Creepshow 2 (1987)
Director: Michael Gornick
Writer: George Romero (based on Stephen King stories)
Starring: Lois Chiles, George Kennedy, Dorothy Lamour, Tom Savini
Company: Image Entertainment
“Creepshow 2” starts off with the beloved Creep (played by Tom Savini in hilariously hideous makeup) tossing the latest issue of “Creepshow” out of the back of his truck. Three stories held together by animated sequences of a boy named Billy on a mission to grow a venus fly trap make up this sequel to the 1982 anthology “Creepshow.” George Romero drew inspiration from some Stephen King short stories and cranked out this cocktail of wooden indians, partying coeds, and bourgoise adulteresses. While Warner Bros. put out the first movie in this series; the distribution duties for "Creepshow 2" were split between New World Pictures (of Roger Corman fame) and Vestron Videos, who each put out this film in separate markets. Keep that in mind before you start tearing this movie apart while comparing it to the original.
What we have here is another effort from our friends at Image Entertainment to rescue a film from the purgatory of home entertainment known as DVD and bring it up to modern day standards—at least as far as all technical aspects are concerned.
The quality here suggests that this is by no means a restoration of the original print. There are a few scratches throughout, but nothing too distracting and some may even appreciate these as they may provide more of a “film” feel. Despite the level of saturation, the picture is somewhat dull and dark in well-lit scenes. Wide shots lose a lot of detail, although that's not an uncommon occurrence among older films. Other parts, however, look great! In the first tale, several close-ups of a wooden Indian allow the viewer to see incredible detail in woodgrain, and textures are clearly discernible. In the third segment, “The Hitchhiker,” which consists of mostly dark, nighttime scenes, a lack of noise keeps the blacks black and some details are preserved. This 1080p version maintains the original 1:85:1 aspect ratio. While not much better than the DVD version, the improvements that were made are definitely noticeable.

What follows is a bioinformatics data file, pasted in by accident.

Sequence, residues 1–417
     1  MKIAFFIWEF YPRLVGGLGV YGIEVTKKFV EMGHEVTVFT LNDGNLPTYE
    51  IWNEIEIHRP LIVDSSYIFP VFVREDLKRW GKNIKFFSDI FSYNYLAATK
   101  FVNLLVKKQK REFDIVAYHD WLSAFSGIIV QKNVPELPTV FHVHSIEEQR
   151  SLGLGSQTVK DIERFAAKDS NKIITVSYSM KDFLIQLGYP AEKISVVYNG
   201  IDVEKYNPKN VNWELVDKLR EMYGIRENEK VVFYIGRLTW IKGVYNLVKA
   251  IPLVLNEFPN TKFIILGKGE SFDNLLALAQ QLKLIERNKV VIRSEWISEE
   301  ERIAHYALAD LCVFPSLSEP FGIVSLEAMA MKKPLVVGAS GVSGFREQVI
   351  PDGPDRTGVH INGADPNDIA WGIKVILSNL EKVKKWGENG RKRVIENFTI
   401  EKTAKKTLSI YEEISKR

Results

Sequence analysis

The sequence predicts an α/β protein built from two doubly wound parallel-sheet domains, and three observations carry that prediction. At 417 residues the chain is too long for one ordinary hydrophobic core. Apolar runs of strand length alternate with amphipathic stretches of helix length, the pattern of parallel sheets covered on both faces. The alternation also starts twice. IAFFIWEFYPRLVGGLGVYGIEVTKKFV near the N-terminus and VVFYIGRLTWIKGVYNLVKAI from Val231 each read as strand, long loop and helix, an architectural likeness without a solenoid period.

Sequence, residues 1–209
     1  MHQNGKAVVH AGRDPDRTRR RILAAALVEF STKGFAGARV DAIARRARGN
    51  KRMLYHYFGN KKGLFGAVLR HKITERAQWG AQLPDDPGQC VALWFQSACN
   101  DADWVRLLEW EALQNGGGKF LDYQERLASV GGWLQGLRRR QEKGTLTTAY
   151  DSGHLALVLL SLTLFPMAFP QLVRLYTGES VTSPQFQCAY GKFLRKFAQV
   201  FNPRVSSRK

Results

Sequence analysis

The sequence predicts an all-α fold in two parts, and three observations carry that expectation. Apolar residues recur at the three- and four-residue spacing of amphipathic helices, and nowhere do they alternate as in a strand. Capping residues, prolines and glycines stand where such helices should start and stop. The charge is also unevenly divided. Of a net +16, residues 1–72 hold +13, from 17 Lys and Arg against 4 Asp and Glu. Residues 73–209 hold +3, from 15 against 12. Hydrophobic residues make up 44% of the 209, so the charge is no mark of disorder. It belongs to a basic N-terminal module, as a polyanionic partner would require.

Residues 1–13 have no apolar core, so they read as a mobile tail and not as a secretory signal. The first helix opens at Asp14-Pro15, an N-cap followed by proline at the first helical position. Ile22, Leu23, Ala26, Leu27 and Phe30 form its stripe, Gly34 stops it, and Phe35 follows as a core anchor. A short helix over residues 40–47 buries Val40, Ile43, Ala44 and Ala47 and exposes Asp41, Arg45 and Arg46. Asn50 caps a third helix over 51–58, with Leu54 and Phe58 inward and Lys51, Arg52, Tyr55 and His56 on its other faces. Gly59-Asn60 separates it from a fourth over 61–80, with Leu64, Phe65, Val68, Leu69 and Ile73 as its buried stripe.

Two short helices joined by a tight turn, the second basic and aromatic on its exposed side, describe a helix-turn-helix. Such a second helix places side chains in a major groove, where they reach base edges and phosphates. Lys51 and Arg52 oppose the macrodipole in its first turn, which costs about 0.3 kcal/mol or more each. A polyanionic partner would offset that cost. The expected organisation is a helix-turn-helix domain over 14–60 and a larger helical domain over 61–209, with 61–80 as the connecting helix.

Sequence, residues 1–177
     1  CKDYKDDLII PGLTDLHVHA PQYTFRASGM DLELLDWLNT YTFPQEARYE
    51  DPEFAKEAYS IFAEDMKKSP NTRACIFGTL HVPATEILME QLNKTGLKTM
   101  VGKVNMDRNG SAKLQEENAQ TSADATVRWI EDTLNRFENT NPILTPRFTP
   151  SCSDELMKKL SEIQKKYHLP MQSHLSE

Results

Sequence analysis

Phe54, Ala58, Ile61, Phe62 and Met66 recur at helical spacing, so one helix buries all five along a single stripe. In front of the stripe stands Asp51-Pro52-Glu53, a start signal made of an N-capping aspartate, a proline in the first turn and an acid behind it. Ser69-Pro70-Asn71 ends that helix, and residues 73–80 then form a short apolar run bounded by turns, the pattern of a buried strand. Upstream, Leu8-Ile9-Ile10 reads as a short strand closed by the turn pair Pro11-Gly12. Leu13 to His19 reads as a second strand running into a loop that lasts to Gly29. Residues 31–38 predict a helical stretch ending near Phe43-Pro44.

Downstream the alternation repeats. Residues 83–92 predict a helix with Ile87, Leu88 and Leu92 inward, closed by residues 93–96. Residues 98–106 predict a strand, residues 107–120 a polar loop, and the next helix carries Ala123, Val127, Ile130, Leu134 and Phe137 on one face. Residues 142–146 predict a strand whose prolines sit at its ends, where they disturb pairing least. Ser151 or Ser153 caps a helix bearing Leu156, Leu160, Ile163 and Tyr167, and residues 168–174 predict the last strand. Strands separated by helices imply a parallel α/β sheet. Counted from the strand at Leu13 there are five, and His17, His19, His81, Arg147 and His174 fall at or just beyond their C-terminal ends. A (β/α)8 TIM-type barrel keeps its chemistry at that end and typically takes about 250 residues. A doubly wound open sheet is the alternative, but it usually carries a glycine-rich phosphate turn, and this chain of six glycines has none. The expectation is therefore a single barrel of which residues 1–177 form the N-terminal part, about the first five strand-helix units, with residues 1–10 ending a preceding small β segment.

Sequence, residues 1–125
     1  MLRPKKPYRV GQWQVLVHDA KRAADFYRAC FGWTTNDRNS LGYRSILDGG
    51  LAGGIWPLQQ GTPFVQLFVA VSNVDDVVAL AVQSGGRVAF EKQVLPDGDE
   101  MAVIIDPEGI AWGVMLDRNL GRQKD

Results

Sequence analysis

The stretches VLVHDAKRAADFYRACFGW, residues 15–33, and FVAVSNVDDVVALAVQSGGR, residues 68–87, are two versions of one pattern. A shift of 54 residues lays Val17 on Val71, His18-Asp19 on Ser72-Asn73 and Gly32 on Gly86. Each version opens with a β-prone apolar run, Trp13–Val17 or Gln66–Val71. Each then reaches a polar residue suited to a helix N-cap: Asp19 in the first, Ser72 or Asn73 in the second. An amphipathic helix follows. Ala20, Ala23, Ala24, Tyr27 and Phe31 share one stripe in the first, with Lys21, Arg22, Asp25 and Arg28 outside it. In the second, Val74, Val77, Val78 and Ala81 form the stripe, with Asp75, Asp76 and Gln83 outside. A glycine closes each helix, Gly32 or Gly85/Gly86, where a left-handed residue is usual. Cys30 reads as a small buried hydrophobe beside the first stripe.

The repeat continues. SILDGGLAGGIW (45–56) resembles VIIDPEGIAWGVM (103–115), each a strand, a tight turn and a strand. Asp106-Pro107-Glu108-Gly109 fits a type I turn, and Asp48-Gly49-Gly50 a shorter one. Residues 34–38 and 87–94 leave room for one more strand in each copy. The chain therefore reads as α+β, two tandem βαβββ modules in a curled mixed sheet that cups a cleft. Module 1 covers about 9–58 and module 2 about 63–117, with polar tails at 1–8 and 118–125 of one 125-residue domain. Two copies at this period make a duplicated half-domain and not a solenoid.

Image has taken the original mono soundtrack and given us a remastered DTS HD 5.1 track to enjoy. You don't really need a bad ass surround system to appreciate this as there isn't as much of a dynamic between front and back channels. I'm giving this a 4 simply because anyone is able to appreciate the clarity here, especially when it comes to dialogue. You can crank the volume and jam to Les Reed's score without having to fumble for the remote as soon as any action kicks in. There's a healthy balance between quiet, suspenseful scenes and moments of screaming panic. And there was nothing that sounded blown out.
No extras for you! This movie has traveled a long and hard road, being pulled back and forth between Image, which previously put out a LaserDisc and Anchor Bay, who released a Special Edition DVD in 2005. As in any war, there were casualties; and sadly, the extras from Anchor Bay's DVD release were not spared. The menu music is pretty cool, though.
Taking into account that this is the only blu-ray version available, and the fact that Image has put in work to make it available pretty inexpensively, I say go for it. You probably already own the original “Creepshow” so may as well, right?